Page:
Next talk ....
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Friday, 1st Feb 2019
Unfortunately due to the current and expected worsening weather conditions we have had to take the descision to cancel this talk.
Stones in his pockets
Wednesday 24th April 2019
Next theatre trip ......
It was not until 1937 that Stow was connected to mains water and before that water was supplied to the town by a number of wells.
There are 3 natural springs here – upper well (the main well or white pump), lower well (a smaller well a further 125m down the lane and known as the red pump) and the Humble Bee well near the bottom of the hill in the field. The people of Broadwell claimed prior right to these and there were frequent disputes.
Water would be hauled up to Stow. People with water carts made a good business by selling water in the square and women carried pails and yokes. During the 18th century the well became overused and because of its open nature was often contaminated.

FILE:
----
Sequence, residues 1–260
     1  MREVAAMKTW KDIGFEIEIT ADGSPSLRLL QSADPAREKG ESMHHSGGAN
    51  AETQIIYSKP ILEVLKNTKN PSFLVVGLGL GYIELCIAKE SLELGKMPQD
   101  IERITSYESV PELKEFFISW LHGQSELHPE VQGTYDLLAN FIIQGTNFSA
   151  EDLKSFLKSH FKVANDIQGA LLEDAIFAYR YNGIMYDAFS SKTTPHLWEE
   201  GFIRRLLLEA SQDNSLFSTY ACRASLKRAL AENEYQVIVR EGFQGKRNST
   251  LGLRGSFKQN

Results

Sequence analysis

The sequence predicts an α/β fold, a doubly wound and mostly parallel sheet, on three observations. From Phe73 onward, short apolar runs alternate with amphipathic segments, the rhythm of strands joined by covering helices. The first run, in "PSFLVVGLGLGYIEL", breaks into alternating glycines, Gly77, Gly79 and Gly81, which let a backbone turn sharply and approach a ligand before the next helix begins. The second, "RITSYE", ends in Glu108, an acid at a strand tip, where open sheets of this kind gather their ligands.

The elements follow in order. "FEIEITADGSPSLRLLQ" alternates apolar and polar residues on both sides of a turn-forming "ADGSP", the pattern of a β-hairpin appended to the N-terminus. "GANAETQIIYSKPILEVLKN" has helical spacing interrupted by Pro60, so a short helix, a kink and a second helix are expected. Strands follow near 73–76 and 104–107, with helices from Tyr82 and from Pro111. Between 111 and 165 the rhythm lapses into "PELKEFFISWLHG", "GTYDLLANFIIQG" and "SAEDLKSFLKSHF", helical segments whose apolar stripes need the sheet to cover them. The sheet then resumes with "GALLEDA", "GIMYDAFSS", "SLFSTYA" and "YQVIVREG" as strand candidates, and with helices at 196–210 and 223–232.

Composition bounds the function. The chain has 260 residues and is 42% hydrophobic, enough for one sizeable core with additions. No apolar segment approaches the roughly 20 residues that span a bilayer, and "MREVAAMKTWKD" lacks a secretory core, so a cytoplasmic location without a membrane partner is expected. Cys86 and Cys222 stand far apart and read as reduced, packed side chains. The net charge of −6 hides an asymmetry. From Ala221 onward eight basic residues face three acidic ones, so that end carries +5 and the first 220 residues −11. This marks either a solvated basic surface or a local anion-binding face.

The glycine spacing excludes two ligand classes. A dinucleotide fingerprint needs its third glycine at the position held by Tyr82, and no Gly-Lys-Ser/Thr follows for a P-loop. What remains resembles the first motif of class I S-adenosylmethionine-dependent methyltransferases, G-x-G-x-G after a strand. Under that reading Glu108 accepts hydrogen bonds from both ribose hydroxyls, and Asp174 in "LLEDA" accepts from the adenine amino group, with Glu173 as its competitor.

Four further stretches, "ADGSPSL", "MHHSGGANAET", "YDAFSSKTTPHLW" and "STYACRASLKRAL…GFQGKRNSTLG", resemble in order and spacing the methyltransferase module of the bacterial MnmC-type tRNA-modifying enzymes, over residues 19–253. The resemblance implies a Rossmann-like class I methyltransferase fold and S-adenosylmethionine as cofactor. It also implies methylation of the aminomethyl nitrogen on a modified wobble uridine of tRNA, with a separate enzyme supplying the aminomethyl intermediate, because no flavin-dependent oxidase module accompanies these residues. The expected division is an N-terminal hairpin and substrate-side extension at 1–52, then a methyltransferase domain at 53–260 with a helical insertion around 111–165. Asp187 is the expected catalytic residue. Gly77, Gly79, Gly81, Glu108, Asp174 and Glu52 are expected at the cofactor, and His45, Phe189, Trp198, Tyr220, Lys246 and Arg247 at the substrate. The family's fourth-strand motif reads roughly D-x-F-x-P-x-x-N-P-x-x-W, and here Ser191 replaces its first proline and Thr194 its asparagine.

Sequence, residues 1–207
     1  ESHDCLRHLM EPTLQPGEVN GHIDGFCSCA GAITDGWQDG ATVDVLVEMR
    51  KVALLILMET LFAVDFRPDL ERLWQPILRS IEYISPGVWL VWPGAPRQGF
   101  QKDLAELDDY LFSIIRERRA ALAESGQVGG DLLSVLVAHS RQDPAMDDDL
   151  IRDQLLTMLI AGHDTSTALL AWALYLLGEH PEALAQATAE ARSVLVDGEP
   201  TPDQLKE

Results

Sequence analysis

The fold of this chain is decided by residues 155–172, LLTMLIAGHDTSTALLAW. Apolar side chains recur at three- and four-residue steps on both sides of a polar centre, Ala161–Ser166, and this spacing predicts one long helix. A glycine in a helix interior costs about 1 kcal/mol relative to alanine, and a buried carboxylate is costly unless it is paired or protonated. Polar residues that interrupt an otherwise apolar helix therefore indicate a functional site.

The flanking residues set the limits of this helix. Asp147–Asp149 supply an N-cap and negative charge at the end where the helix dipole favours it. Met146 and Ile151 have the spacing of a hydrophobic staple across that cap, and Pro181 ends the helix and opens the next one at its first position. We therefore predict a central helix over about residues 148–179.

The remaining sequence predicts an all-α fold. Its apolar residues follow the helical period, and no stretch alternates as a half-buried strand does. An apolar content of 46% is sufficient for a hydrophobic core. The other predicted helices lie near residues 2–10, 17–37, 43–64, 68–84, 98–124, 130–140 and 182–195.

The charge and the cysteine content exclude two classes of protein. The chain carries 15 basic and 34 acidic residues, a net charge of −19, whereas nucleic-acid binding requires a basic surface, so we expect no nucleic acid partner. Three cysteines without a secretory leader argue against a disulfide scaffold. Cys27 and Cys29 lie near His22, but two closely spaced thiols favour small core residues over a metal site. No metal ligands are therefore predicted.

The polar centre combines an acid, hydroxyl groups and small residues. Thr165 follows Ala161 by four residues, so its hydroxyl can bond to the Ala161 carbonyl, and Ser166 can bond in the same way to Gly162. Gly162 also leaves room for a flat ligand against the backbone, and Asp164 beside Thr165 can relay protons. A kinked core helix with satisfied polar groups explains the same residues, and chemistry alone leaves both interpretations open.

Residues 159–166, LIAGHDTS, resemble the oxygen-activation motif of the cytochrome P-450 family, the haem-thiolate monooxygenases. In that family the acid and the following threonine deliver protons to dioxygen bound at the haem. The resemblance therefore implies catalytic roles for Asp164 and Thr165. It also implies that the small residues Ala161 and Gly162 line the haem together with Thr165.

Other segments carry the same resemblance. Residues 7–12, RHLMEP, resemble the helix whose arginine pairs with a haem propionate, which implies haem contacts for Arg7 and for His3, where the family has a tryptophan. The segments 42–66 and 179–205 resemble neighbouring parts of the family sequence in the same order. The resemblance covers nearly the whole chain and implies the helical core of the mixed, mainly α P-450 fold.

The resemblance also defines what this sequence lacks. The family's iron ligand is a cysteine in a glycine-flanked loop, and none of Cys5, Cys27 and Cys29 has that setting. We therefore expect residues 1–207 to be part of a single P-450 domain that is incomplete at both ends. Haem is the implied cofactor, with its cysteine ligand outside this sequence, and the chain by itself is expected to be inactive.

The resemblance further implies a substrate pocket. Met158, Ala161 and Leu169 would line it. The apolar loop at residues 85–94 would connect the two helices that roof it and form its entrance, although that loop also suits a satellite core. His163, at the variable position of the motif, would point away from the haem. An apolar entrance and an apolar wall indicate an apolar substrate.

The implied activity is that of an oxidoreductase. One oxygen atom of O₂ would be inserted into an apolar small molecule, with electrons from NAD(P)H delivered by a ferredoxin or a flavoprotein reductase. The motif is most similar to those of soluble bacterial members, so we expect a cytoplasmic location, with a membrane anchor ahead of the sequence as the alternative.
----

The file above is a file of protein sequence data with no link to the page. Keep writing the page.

In about 1800 a local man called Clifford laid wooden pipes from a spring in Lower Swell (near the Lower Swell Spa) and a windmill (later a horse mill) to draw water up the pipes. This system only lasted about 35 years before it deteriorated.
In 1836 Mr Charles van Notten-Pole formed a company to build a waterwheel taking water from Upper Swell. This proved to be very expensive and once again wasn’t successful. The original upper and lower wells were brought back into use.
In 1867 the Parish Council ordered a well to be sunk and a water tower built behind what is the Police Station today. It didn’t last long due to disputes between the committee, the vestry and the Rev. R W Hippisley. The supply of water was again in jeopardy but in 1871, Joseph Chamberlayne donated £2,000 to make improvements to the tower system. The Market Cross was restored to commemorate this gift.
In the early 1900s the water was only turned on for an hour in the morning and an hour in the afternoon.
The tower remained in use until the Rural Council undertook to supply mains water to the town in 1937. The tower remained in-situ until it was demolished in 1971. Thames Water Authority took over from the Rural Council in 1976 replacing most of the old iron mains with new plastic ones.
Cart at the upper well
Cart using a pump at the upper well